A Guide on the Path to Success

PROVO, Utah – Dec 03, 2020 – Case competitions test students’ business skills, work ethic, and stamina, but few people find that case competitions bring out their emotional side. However, Liz Dixon often sheds joyful tears as she watches her students present their solutions and find success at international case competitions. Through her work as an adjunct professor of management communications at the BYU Marriott School of Business, Dixon empowers students to excel in many different areas, and she loves seeing them succeed.

Every semester, Dixon spends much of her time coaching four students for the NU-CUIBE international case competition at Northeastern University. During this coaching process, Dixon requires students to work through practice challenges, learn strategies that showcase their results, and practice presenting in front of other BYU Marriott faculty members. “I take these students to the competition, and they often do an amazing job of presenting. When those students get up on stage, they help make all of the students at BYU Marriott look like world champions,” she says. “Watching them succeed brings a feeling that no amount of money can buy. “

In addition to helping her students win case competitions, Dixon also encourages them in her management communication courses and strives to give her students constructive criticism. “The first thing that I want my students to know is that we’re friends. I also want them to know that, because we're friends, I will give them unfiltered feedback,” she says. “My students understand that the feedback I give them comes from a place of love. I want them to improve and learn from their mistakes. I often say that my class might be the most comfortable uncomfortable classroom experience they have.”

Dixon finds joy in helping her students, but she didn’t always envision herself as a professor. In fact, she originally graduated from BYU Marriott with the intent to work as a healthcare analyst. After earning her undergraduate in philosophy from BYU in 1991, she worked as a technical writer at a third-party healthcare administrator before returning to BYU Marriott to earn her Master of Public Administration (MPA) in 1996. After graduating with her MPA, she held analyst and consultant positions at multiple healthcare administrators.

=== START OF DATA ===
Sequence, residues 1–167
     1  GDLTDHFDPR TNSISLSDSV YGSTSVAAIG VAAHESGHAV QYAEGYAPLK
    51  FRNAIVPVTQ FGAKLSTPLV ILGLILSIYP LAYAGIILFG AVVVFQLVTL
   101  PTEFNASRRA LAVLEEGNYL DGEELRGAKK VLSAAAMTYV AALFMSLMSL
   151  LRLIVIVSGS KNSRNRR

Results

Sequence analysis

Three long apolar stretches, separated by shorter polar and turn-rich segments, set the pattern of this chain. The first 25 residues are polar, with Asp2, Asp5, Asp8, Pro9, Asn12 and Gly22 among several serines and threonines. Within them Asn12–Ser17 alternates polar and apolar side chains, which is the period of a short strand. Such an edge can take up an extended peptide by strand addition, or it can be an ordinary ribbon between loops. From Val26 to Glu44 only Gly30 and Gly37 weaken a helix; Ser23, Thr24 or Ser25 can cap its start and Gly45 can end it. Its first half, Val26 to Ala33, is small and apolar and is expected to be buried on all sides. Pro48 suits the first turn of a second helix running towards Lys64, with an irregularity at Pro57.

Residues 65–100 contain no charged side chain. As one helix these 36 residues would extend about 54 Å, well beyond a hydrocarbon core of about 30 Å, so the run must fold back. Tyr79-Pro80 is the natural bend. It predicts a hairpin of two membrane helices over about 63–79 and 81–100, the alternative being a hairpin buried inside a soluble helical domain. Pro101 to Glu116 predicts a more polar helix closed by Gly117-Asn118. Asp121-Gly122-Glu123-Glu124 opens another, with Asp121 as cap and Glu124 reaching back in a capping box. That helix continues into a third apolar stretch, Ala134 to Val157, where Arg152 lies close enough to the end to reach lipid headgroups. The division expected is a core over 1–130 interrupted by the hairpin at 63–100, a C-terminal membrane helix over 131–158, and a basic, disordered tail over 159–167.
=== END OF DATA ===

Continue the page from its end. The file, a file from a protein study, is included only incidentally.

However, as Dixon raised her three children and worked full-time, she wanted to continue making an impact in her career while also remaining present in her children’s lives. “I got a call from BYU Marriott back in 2000, and the management communications department asked if I would be interested in coming to teach,” she says. “I was intrigued because I took a management communications course during my master's program, and I liked the idea of teaching that course to students. Taking the job turned out to be a complete change of direction in my life.”

This new opportunity to teach enabled Dixon to influence many students’ futures while also spending quality time with her family. Now that her children are older, she looks back with immense gratitude on the years she spent teaching and raising young children.

“While teaching and working part-time at BYU, I helped out in my kids’ classrooms, and I attended field trips with my kids. I’ve spent many precious moments with my family,” she says. “The administration at BYU Marriott accommodated my schedule, and the leaders at BYU Marriott are the reason I’ve been able to build a fulfilling career while also spending that time with my family.”


BYU Marriott adjunct professor Liz Dixon
BYU Marriott adjunct professor Liz Dixon. Photo courtesy of Liz Dixon
BYU Marriott adjunct professor Liz Dixon with students at a case competition
BYU Marriott adjunct professor Liz Dixon with students at a case competition. Photo courtesy of Liz Dixon.

Media Contact: Chad Little (801) 422-1512
Writer: Kenna Pierce